Harris concludes Part II with a thesis about women and anger. He argues that throughout Greco-Roman antiquity anger was associated with women (to name just two examples: Medea and Galen on his mother), and that this stereotype and the critique of anger functioned as an instrument of male domination. However, he points out that in our times some feminists consider anger essential to women's struggle for liberation, while others claim that it is largely counter-productive.

In Part III Harris argues that Greco-Roman criticism of anger within the family (oikos/familia) and towards one's slaves facilitated the smooth functioning of society. It would be in the interest of husbands to restrain their anger towards their wives, of fathers towards their sons, and of slave-owners towards their slaves. Rage towards the latter could provoke them to murder or make them less inclined to work. Harris notes that the last quarter of the fourth century (Menander being the prime evidence) marks an important point in the disapproval of anger towards philoi (family and close friends), and that Philodemus and Cicero were particularly concerned about the anger of fathers towards children and of husbands towards wives. The advice that one should avoid showing anger towards one's slaves is first encountered in Xenophon and Plato, loftier theorizations are found in Seneca, and some emperors introduced modest reforms concerning the treatment of slaves (motivated mostly by practical considerations, but in the case of Antoninus Pius also due to philosophical influence).

When Harris turns to anger control as an objective of the individual's psychic health (Part IV), he admits that it is more difficult to explain the reasons for the emergence of this introspective concern, according to which it would be in the interest of the individual's health to rule his/her own passions. What is clear is that the control of anger came to be regarded during the Hellenistic period (with definite antecedents already towards the end of the fifth century) as part of the larger problem of the individual's need to control his/her own emotions (enkrateia of one's pathe). Within this broader argument emotions came to be regarded as illnesses in need of therapy which philosophy could offer in the individual's interest. Epicureans promised partial and Stoics total tranquillity by rational means (ataraxia or apatheia by means of persuasive arguments). Although these methods show remarkable similarities with contemporary psychotherapies (notably with cognitive psychology), Harris points out that ancient theories placed more emphasis on habit (the importance of establishing habitual control over one's angry emotions) and on the total elimination of orge. In contrast modern therapies stress the dangers of bottling-up angry emotions and the need to vent them.

The ambivalent view which Christianity held on the matter of anger control is discussed in a brief chapter, 'From Sickness to Sin: Early Christianity and Anger' (pp. 391-99). Although in Harris' view Christianity generally disapproved of orge and took this message to a wider audience than had previously been the case, some ambiguity remained on account of certain Jewish and Christian traditions. Not only was God portrayed as angry, but so was Jesus on several occasions. The question of justified anger in the Hebrew Bible and earliest Christianity -- whether in historical fact or apocalyptic fantasy -- is of paramount importance here, and deserves a fuller discussion than the one offered by Harris. It is also remarkable that Harris shows, in his discussion of Paul, no awareness of the crucial distinction between Pauline and Deutero- Pauline material (he treats Ephesians, for example, simply as authentically Pauline).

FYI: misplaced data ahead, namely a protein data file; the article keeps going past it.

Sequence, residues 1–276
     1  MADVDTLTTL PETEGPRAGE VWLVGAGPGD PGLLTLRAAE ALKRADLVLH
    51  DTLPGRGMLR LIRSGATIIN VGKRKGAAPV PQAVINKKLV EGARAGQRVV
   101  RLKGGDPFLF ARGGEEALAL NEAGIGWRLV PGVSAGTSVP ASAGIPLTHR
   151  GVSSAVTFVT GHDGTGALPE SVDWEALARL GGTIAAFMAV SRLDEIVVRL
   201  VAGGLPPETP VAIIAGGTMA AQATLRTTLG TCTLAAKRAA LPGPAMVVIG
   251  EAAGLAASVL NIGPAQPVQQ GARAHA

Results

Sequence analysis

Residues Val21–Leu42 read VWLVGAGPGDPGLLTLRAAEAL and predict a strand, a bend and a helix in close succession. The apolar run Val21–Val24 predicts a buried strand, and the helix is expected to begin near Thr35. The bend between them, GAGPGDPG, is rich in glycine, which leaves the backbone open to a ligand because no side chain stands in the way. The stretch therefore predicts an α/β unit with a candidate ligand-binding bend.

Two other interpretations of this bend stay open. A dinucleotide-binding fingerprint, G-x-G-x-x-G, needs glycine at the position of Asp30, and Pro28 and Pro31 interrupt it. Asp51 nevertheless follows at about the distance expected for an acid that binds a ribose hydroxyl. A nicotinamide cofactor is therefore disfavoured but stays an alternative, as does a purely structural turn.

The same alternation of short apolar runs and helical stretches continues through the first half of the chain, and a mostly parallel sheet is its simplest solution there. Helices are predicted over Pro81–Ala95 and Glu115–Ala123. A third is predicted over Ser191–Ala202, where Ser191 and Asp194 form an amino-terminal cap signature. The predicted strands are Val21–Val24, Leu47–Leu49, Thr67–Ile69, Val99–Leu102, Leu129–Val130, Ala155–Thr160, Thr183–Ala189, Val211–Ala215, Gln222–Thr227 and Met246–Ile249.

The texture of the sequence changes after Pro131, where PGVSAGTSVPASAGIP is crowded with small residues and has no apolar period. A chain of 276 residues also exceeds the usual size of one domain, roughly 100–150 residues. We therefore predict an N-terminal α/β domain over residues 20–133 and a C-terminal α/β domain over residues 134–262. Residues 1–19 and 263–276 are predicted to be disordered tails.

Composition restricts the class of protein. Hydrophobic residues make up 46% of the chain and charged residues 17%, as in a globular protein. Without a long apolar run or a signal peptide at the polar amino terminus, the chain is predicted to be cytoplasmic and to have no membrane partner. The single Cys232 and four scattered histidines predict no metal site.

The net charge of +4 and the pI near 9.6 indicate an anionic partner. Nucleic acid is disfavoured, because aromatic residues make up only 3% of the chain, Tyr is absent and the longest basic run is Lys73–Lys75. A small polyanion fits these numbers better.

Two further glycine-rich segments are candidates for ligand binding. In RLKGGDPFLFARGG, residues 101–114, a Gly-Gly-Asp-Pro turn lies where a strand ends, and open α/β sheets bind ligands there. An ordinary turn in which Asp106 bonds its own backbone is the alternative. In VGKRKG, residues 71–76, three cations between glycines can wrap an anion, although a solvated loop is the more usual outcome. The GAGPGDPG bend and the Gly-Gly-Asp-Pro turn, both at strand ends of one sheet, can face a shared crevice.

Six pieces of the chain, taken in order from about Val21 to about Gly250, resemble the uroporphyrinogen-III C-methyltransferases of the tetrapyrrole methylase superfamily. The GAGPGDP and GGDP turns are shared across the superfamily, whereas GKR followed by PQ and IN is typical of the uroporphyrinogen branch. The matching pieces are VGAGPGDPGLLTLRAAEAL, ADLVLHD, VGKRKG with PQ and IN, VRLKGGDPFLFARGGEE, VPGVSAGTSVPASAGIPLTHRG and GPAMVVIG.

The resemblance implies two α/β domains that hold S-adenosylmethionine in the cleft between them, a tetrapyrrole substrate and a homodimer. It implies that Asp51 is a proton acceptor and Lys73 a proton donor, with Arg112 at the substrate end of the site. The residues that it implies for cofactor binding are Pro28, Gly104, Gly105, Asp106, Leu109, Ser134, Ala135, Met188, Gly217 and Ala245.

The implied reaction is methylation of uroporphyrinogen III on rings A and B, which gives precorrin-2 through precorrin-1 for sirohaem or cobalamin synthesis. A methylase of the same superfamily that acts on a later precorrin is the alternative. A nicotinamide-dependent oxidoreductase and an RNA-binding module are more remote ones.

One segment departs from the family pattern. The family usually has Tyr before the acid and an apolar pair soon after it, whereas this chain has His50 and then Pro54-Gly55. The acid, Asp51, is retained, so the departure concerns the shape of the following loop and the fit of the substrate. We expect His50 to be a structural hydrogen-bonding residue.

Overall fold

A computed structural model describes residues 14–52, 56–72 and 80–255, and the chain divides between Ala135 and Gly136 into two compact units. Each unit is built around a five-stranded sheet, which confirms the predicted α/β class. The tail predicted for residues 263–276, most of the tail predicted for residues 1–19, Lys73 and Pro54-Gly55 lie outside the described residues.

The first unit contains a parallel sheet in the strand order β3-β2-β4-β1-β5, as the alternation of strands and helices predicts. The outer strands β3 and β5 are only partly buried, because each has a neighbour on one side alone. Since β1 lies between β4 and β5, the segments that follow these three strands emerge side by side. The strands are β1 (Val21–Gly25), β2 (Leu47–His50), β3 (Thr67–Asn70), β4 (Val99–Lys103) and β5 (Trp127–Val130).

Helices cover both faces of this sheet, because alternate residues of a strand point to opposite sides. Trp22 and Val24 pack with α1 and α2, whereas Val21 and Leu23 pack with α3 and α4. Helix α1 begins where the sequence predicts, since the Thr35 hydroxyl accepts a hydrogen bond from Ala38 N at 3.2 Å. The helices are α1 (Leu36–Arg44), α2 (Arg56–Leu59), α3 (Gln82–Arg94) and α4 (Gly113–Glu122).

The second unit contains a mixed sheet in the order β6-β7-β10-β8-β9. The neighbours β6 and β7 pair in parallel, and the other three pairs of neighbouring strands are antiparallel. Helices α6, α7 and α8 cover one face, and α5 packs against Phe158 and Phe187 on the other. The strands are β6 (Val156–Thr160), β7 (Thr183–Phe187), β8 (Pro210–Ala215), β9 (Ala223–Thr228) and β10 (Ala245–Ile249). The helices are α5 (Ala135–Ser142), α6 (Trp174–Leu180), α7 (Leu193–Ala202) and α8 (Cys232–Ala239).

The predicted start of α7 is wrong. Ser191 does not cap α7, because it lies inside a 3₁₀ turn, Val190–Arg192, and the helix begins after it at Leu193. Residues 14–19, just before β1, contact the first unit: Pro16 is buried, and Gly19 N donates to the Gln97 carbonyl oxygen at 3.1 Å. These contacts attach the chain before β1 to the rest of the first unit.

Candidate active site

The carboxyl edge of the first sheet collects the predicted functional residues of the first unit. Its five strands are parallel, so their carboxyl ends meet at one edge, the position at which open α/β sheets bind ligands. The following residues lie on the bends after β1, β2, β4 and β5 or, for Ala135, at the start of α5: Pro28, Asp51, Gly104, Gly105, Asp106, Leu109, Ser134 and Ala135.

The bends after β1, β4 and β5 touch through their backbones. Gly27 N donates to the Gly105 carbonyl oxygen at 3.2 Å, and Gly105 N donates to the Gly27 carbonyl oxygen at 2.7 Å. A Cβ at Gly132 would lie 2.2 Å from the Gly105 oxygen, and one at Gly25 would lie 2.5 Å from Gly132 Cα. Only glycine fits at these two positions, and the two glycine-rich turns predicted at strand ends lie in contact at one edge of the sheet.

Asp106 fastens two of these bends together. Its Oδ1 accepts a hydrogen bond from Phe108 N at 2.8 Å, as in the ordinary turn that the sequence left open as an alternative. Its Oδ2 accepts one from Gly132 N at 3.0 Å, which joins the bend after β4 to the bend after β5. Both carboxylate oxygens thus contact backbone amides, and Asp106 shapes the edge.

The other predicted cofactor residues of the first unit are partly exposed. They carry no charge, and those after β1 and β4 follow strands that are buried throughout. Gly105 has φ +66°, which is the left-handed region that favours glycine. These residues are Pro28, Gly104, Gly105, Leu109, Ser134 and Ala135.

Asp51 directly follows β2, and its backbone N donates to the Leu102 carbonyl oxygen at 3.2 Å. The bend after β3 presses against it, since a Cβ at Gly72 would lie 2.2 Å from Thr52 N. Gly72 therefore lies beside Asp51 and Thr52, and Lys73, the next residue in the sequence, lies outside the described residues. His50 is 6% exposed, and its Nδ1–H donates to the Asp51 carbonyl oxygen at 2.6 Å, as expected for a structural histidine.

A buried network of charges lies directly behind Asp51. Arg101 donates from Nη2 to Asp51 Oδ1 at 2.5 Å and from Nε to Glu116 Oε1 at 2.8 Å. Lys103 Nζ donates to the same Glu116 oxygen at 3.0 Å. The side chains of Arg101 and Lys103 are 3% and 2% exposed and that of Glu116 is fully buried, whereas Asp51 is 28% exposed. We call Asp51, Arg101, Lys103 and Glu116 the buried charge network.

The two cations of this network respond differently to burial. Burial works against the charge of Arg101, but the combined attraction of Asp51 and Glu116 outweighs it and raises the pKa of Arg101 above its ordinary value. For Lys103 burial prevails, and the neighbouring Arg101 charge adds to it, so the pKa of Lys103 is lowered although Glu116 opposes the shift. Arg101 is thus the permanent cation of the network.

In a concluding chapter (pp. 401-18) Harris offers a summary of his arguments, and indicates some hermeneutical t implications of his study. In answering the question whether we would benefit from living without anger, he insists that any such evaluation of the angry emotions should not only distinguish between the different types and forms of anger (annoyance versus intense rage, angry feelings versus angry speech and action, for example) but should also consider both the merits and demerits of these in our private and public lives -- whether the level of anger is bad for our health, harmful within our families and workplace, counterproductive to social-political and psychological liberation, or not. Harris holds that civilized local and international governance will create and maintain 'institutions which will limit the harmful actions of anger (terrorists, ethnic cleansing) without taking away people's opportunities of expressing anger over communal causes' (p. 417).

Recent studies on the emotions in Greco-Roman antiquity have fruitfully focused on the argumentative structure underlying ancient philosophical discourse on the topic. With this monograph Harris makes an important contribution to the current debate about the emotions, specifically anger, in antiquity by offering a convincing social- anthropological explanation for this pervasive interest in the Greco-Roman world. In addition, his constant engagement with modern psychological and social debates on the topic undoubtedly adds to the value of the study. A translation of Latin texts in the footnotes would, however, have made the work more accessible to a broader audience of anthropologists and psychologists with limited or no classical background.

NOTES

[[1]] M. Nussbaum, The Therapy of Desire: Theory and Practice in Hellenistic Ethics (Princeton 1994); R. Sorabji, Emotion and Peace of Mind: From Stoic Agitation to Christian Temptation (Oxford 2000); P. Brown, Power and Persuasion in Late Antiquity: Towards a Christian Empire (Madison 1992); P. Veyne, Le pain et le cirque (Paris 1976).